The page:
Leave a Comment

Is CrossFit Expensive?


The fitness industry is notorious for having very confusing pricing, facility fees, sign-up fees, specials, contracts, and renewals. Unfortunately, gym pricing has become so convoluted, the general public really doesn’t understand the value of fitness or coaching.

At first glance, many coached class-based services like CrossFit, Orange Theory, Spin, or Yoga can seem really expensive. Sometimes these can cost as much as $30/class. But, millions of people are moving toward instruction-based fitness by professionals and seeing an incredible value in the service.

To understand pricing you need to know a little more about the industry’s history.

Historically, there has only been one basic business model in fitness – what I call the “rental plus up-sell” model. You’ve probably been a part of this one. Here are the major points:

  • You join Gym XYZ for a super-low monthly rate with a 1 or 2-year contract.
  • You go to Gym XYZ for about 6 weeks then attendance becomes…well… spotty.
  • If you decide you want to really get in shape this time you may take advantage of a free personal training session from one of the 20-somethings walking around Gym XYZ with a clipboard.
  • This good-looking 20-something sells you a 30-pack of personal training sessions for a $500 special

Historically, these have been your 2 options: Access to space and Personal Training. Gyms bank on millions of people rushing into long-term contracts on January 1st knowing full-well that about 90% of those people won’t be using the gym in 6 weeks. Think of it like over-selling a flight. But, instead of overselling by 2 or 3 seats, they’re over-selling by almost 10 times capacity. 

If you wanted some guidance in your training, the only option you had was personal training. The average personal training hour will run you $40-$100. Let’s say you want to get the recommended 3 hours/week of exercise with a trainer – now you’re looking at a whopping $500-$1,000/month!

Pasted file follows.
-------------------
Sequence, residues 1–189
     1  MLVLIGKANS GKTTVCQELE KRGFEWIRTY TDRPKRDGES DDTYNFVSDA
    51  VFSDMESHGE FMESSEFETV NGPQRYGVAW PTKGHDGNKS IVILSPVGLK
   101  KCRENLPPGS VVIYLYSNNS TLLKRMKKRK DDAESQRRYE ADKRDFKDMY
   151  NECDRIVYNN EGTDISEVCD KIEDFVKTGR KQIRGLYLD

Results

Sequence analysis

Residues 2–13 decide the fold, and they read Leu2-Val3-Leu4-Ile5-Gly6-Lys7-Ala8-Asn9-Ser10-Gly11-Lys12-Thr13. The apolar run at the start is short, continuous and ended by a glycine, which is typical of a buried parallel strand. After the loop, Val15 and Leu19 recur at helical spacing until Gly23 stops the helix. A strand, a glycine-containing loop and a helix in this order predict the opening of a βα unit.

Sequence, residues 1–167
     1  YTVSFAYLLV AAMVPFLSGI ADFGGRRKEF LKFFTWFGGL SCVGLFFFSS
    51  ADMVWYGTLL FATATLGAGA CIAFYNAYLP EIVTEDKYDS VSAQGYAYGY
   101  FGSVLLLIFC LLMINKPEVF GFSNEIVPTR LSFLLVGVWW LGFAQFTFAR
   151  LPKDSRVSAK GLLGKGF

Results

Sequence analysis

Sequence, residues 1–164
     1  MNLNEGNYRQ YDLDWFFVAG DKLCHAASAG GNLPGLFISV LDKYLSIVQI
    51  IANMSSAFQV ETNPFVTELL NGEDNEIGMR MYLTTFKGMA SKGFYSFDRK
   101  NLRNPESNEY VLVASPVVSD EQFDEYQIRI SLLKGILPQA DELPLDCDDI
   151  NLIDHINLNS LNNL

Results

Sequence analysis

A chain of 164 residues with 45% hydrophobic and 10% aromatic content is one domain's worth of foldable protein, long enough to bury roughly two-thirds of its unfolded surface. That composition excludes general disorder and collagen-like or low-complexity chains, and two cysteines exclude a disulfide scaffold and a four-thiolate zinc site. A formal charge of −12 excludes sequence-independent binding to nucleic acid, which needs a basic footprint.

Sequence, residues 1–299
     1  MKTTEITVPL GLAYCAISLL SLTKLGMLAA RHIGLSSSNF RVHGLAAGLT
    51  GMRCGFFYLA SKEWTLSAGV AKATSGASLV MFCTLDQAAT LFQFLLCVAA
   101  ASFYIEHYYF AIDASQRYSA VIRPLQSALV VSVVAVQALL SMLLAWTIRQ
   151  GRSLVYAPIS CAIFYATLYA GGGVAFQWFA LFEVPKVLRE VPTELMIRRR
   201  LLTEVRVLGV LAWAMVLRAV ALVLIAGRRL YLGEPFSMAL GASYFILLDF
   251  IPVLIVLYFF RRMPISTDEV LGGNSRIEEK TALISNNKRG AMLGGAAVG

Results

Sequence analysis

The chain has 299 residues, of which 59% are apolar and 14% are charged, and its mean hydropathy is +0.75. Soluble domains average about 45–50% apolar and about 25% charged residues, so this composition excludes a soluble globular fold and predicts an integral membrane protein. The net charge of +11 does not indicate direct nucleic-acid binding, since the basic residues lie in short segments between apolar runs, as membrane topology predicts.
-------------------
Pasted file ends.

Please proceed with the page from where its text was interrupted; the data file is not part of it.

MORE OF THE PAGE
So, there are your options – 20 bucks a month for a membership you’ll never use or $1,000 to have access to a coach. 

Enter: Small Group.

Personal Trainers, realizing they could only work a 10 hour day and keep their sanity, began to bunch up their clients by ability levels and goals. Sometimes in groups of 3, 4, or 5. These trainers were able to increase their hourly rate, while effectively reducing the rate to their clients. So, instead of 1 person paying $80/hour now 4 people are each paying $30/hour. It’s a win-win.

This is where CrossFit and other group fitness models were born. Clients would start 1-on-1, learn the movements, see some consistency, then get paired up with other like-minded clients in a small group.

Formerly, the only way that you could walk into a gym and have a coach know your name, know your goals, know your lift numbers, know your injuries and mobility restrictions, and know your health history was to pay a personal trainer somewhere between $40/hr (for those fresh out of Community College) and $100/hr (experienced professionals).

The introduction of the small group class model has given participants the personalized touch of a personal trainer at a fraction (often times 10%) of the price. So, while it may seem on the surface like small group training is an expensive gym membership, a better way to frame your understanding is to view it as inexpensive personal training in a group environment.

Leave a Comment

Body Fat Loss > Weight Loss.

Weight loss doesn’t matter. Body composition matters. Increasing bone density, better hydration, increased lean tissue, and reduced body fat are the things you should care about. Weight loss is useless unless you know what you’re losing. If you’re losing more than a couple pounds a week, it’s likely lean tissue or just water.

You don’t need cardio to lose body fat.

One of the biggest myths in fitness is that you need to do things you don’t like to lose fat. Mainly cardio – long runs, endless hours on the elliptical, and long bike rides. If you truly enjoy these things – by all means – don’t give them up. Fitness that’s fun is the fitness that works. Do what you love.

Lifting weights is key to fat loss

Most of my conversations with new athletes usually go like this: “I just want to tone” or “I want to look lean.” Well, I hate to break it to you but you’re either building or losing muscle. There is no such thing as “toning.” Ultimately what they are saying is that they want to lose body fat and have that “fit” look. Well, guess what? You have to have some muscle mass to achieve this. How do you get muscle mass? You guessed it! Lifting weights. Ultimately your caloric intake will determine how quickly someone will gain muscle mass. But, the more muscle mass you gain the more calories you burn at a resting hear rate! More calories burned = more fat loss.

Nutrition is simple  

We tend to complicate things. Simply maintain consistency in a couple key areas: